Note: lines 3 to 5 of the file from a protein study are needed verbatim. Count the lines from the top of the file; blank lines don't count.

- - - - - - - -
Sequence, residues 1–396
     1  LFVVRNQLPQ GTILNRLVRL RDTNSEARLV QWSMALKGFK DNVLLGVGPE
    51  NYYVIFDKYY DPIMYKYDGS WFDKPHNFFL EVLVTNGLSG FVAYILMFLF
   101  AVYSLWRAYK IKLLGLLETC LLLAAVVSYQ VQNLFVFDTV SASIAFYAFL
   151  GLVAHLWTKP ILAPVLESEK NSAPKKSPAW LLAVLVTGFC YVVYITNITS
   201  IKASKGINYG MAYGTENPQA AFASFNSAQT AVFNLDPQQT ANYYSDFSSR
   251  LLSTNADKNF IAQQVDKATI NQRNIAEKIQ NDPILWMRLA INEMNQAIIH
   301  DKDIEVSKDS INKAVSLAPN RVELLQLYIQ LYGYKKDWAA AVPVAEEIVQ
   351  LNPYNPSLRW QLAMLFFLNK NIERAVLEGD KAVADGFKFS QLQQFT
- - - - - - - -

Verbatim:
    51  NYYVIFDKYY DPIMYKYDGS WFDKPHNFFL EVLVTNGLSG FVAYILMFLF
   101  AVYSLWRAYK IKLLGLLETC LLLAAVVSYQ VQNLFVFDTV SASIAFYAFL
   151  GLVAHLWTKP ILAPVLESEK NSAPKKSPAW LLAVLVTGFC YVVYITNITS